And I know he would go to the White House,
I wouldn't say fairly often, maybe once a month, maybe once every other month for various meetings,
but I don't think they were one on one's. I think it was usually, you know, a couple of the senators going.
And then you go over for the signings, which, you know, bill signings if they are having a formal signing, but I wouldn't consider it as like meetings, it's more of a ceremony.
You know, I know he -- he had friends who -- or senators who went into the various administrations that, you know, he knew pretty well.
I mean, and the people he had known previous to being in the administration.
And Senator Ashcroft, you know, wound up being the Attorney General, he knew Senator Ashcroft before he was the Attorney General, so obviously, he had an existing relationship.
And once again, Senator Ashcroft was, you know, one of the old -- you know, he was one of the older senators, and he fell in the group where they were all sort of friends.
I know he had a long relationship with Colin Powell, and that went back to Colin Powell's military service.
And, you know, Stevens was pretty much close with most of the generals because they would all have to go before Defense Appropriations.
And when we had a West Point cadet that one year as an intern, I sent him down to a Defense Appropriations meeting and I said, "Well, it's kind of fun to watch generals beg for a project."
It's humbling to sit in the back of the room and you watch the guys you're all afraid of.
But, you know, as I said, he was, I guess, what you would describe as a hawk in a way because he was pro military, I don't know if he actually was a pro the conflict he happened to be in at that time.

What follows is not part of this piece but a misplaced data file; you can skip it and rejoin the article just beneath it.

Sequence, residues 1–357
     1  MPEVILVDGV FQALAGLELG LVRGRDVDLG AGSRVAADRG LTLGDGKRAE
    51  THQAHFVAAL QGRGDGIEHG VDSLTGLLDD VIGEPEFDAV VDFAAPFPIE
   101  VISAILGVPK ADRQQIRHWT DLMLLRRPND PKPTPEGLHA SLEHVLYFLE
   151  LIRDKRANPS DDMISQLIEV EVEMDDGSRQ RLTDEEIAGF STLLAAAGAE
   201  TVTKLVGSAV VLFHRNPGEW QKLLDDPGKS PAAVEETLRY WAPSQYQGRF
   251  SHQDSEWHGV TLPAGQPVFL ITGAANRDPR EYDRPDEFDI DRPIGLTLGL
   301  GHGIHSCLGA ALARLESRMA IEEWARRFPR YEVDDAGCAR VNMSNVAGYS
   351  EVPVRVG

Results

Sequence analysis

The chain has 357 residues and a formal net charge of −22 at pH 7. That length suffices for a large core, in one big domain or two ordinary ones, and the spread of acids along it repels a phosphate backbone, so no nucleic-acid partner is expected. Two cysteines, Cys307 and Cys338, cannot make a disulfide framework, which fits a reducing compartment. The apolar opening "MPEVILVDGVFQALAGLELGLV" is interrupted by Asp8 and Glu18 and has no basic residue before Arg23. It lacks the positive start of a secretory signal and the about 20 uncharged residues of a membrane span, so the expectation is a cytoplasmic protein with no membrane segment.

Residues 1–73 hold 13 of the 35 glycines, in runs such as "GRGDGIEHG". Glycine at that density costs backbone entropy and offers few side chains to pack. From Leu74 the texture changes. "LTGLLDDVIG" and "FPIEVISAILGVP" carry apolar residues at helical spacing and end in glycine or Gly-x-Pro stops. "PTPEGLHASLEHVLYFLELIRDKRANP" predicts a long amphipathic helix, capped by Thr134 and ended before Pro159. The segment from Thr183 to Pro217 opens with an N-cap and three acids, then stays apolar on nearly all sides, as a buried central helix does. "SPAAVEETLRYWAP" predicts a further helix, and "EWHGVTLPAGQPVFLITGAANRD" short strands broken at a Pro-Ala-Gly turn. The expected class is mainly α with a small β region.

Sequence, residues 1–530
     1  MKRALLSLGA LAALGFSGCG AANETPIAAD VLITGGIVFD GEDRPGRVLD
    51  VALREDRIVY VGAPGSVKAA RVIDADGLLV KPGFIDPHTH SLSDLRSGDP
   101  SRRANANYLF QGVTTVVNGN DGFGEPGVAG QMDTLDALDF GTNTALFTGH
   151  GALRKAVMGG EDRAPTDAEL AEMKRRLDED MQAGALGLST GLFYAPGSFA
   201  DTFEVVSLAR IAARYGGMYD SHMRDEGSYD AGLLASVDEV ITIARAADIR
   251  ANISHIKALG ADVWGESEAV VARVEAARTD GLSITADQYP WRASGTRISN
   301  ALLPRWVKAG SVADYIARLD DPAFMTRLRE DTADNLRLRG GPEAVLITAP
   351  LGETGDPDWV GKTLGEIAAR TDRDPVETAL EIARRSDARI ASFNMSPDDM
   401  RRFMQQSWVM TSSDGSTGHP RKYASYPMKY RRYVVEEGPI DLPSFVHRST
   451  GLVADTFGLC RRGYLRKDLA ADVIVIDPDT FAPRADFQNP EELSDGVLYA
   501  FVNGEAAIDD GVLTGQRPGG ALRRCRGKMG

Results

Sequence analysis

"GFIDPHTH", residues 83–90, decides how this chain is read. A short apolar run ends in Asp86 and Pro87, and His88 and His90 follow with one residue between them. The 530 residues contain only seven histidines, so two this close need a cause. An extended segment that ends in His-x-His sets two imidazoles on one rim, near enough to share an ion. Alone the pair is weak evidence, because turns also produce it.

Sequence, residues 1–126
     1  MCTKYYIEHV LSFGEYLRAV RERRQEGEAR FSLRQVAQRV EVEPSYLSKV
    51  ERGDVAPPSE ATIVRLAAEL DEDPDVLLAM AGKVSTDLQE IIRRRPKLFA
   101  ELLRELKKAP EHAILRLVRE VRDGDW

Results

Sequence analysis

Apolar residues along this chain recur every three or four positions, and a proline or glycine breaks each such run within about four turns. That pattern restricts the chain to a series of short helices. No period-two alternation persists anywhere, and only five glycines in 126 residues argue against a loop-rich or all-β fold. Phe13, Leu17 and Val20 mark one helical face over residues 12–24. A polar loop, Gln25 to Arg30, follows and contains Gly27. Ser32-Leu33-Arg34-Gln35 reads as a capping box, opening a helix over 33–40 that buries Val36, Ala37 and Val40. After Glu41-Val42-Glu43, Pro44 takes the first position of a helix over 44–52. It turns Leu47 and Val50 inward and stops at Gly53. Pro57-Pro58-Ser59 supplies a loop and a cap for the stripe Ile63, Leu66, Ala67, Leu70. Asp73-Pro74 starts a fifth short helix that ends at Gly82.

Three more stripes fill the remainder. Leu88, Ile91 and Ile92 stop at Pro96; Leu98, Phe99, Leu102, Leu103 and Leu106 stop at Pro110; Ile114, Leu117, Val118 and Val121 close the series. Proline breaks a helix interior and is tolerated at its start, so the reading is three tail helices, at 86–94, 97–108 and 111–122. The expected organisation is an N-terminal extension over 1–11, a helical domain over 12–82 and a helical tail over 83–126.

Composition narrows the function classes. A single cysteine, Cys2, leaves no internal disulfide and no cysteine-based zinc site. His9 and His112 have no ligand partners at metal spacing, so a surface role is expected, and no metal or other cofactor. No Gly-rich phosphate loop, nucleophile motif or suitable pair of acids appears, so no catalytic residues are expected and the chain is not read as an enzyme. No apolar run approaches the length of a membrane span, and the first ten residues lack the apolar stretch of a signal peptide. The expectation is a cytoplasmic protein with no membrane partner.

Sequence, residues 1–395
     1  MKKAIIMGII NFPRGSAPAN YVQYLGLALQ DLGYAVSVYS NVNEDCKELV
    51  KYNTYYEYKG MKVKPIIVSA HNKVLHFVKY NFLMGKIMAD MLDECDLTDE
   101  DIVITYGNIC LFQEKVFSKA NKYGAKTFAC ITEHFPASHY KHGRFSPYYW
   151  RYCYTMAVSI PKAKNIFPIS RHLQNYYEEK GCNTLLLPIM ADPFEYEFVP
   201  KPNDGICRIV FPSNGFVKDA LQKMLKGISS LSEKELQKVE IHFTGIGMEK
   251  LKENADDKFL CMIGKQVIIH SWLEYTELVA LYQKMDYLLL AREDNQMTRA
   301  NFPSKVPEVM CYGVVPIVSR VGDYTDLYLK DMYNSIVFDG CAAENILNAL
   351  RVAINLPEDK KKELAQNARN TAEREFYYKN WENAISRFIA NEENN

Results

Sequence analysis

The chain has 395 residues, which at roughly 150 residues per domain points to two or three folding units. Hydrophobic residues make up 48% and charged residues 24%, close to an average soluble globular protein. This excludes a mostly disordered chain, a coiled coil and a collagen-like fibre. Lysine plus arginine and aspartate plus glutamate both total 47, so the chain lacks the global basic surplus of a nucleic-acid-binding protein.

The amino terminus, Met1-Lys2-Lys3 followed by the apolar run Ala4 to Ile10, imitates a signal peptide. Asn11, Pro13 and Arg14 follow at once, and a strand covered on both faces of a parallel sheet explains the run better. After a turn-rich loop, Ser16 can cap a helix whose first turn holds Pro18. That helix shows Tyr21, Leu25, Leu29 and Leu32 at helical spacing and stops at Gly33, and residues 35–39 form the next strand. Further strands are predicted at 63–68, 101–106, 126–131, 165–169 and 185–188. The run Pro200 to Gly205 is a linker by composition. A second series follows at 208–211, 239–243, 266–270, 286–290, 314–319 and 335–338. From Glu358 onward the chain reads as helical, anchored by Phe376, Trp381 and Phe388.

So I think there was a lot more of, you know, at least for the George W. Bush administration,
I think he had almost closer relations with members of the administration, particularly the Bush's first term.
You know, the first term he had Colin Powell, and obviously, the Senator had known Senator Rum --
sorry, Secretary Rumsfeld from before. You know, Senator Ashcroft, Tommy Thompson, people that he had met through various ways, and he got along fine with them.
The second Bush administration was more Texans.
I hate to put it that way, but it seemed in the second administration he kind of got rid of a lot of the guys that were more nationally prominent,
and instead intended to surround himself with more of, you know, the Texas crowd.
Now, I know the one lingering thing he had when I showed up in the Clinton Administration was the Stevens vote on impeachment.
And he voted not to impeach.
And his position on it was he looked at it as an attorney.
And that's -- I know he took a lot of heat from the Republican Party for that, but he says, "Well, as an attorney, I would have to say that's -- that is not high crimes and misdemeanors;
it might be morally reprehensible, but it's not high crimes and misdemeanors."
So, you know, I mean, I don't know how he got along with that with President Clinton himself.
I know -- like I said, I know he got along pretty well with James Lee Witt,
he was the FEMA director, but that was based on more they were fishermen, they talked fishing.
So the other administrations before that, I really can't say.
I know somewhere in the collection we have a really good photograph of --
it was George H. W. Bush's inaugural, and because Stevens I think at that point was the Whip,
we had, like, the overall aerial photograph of the entire group, and we -- when Reagan died we were looking through the photos for pictures of Reagan,
and there was a point where we -- we saw Senator Stevens was escorting President Reagan and Nancy Reagan in to sit down.
So we blew that up, and around them were the entire Bush family, the Reagans, Stevens, and the Supreme Court,